Contrast-enhanced mammography (CEM) is a newer imaging technique that uses a contrast agent to enhance the visibility of breast tissue. While CEM is generally considered safe and effective, many women may be concerned about whether the procedure is painful. In this article, we will discuss whether CEM is painful and what to expect during the procedure.
During CEM, a contrast agent is injected into the patient's bloodstream through an intravenous (IV) line inserted into their arm. The injection of the contrast agent may cause a mild sensation of warmth or a metallic taste in the mouth, but it is typically not painful. This is a normal reaction to the contrast agent and typically subsides quickly.
After the contrast agent is injected, the patient will be asked to wait for a few minutes before the mammogram is taken. During the mammogram, the patient's breast will be compressed between two plates while X-rays are taken. The compression may cause some discomfort or mild pain, but it is typically well-tolerated. The compression helps to spread out the breast tissue, making it easier to detect any abnormalities. The mammogram typically takes about 10-15 minutes to complete.
After the mammogram is taken, the patient may experience some mild discomfort at the injection site or from the compression of the breast tissue. This discomfort typically subsides quickly and can be managed with over-the-counter pain medications if necessary.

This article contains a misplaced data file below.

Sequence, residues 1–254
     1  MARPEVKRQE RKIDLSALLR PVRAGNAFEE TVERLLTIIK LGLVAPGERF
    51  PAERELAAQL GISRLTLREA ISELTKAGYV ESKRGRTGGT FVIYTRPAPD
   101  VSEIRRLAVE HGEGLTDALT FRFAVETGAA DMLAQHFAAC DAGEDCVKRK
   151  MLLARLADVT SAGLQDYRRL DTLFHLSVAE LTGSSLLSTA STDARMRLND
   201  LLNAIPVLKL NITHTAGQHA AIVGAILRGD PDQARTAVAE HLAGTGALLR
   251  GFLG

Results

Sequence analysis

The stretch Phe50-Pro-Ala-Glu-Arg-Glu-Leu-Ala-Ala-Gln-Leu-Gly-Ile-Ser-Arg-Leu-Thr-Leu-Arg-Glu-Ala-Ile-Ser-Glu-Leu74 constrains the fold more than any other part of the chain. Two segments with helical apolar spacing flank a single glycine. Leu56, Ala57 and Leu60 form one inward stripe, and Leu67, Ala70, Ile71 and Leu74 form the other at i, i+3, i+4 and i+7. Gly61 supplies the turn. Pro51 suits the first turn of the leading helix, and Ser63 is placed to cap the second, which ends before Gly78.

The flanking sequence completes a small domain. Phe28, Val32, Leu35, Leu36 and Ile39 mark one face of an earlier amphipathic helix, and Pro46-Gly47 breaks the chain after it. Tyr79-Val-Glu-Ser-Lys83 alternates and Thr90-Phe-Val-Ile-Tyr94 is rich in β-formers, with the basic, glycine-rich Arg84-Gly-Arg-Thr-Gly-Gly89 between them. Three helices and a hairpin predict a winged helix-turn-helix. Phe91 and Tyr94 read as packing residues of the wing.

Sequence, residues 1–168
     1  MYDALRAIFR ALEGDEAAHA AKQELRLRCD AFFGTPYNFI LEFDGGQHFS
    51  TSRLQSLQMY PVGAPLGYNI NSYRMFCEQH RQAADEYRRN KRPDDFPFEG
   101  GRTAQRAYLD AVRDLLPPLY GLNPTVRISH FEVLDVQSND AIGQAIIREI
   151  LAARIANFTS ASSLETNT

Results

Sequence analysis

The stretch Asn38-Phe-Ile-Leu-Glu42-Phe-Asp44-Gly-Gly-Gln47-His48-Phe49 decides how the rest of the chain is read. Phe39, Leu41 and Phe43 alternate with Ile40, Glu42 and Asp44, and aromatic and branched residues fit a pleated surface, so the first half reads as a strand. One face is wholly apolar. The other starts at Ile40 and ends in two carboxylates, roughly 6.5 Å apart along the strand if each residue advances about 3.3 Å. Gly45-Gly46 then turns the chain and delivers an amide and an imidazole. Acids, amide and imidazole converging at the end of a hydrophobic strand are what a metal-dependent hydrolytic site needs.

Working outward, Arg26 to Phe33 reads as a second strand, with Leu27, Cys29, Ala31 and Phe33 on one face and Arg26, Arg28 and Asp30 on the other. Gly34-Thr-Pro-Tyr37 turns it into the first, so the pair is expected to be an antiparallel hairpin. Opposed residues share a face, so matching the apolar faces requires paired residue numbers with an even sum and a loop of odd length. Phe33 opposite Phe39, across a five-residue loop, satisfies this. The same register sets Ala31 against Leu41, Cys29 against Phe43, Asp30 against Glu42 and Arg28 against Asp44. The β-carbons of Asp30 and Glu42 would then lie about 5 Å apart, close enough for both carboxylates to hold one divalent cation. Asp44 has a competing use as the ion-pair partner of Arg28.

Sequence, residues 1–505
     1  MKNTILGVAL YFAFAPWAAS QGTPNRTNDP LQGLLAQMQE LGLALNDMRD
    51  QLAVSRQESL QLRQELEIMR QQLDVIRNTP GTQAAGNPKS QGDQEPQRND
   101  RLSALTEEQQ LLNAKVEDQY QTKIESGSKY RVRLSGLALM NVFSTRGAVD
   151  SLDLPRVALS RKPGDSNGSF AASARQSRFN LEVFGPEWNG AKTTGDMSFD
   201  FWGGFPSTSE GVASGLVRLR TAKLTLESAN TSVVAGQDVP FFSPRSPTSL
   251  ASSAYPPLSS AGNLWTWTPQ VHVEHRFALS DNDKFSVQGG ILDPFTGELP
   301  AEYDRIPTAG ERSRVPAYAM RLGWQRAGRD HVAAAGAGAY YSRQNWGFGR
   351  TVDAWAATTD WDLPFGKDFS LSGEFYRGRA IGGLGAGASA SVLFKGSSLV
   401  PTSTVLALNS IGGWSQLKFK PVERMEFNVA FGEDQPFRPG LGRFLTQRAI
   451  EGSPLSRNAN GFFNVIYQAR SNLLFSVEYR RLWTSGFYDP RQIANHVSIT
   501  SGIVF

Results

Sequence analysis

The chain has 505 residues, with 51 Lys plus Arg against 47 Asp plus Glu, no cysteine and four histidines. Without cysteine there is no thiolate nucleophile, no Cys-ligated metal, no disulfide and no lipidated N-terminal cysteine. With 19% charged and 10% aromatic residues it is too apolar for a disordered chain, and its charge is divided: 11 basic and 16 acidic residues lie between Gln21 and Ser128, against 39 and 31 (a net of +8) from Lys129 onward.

It is important to note that some women may experience more discomfort during CEM than others. Factors such as breast size, density, and sensitivity can affect the level of discomfort experienced during the procedure. Women who are particularly sensitive or who experience significant pain during CEM should inform their healthcare provider, who can discuss pain management options with them.
In conclusion, while CEM may cause some mild discomfort or pain, it is generally well-tolerated by most women. The injection of the contrast agent may cause a mild sensation of warmth or a metallic taste in the mouth, but it typically subsides quickly. The compression of the breast tissue during the mammogram may cause some discomfort, but it is usually well-tolerated. Women who experience significant pain during CEM should inform their healthcare provider, who can discuss pain management options with them.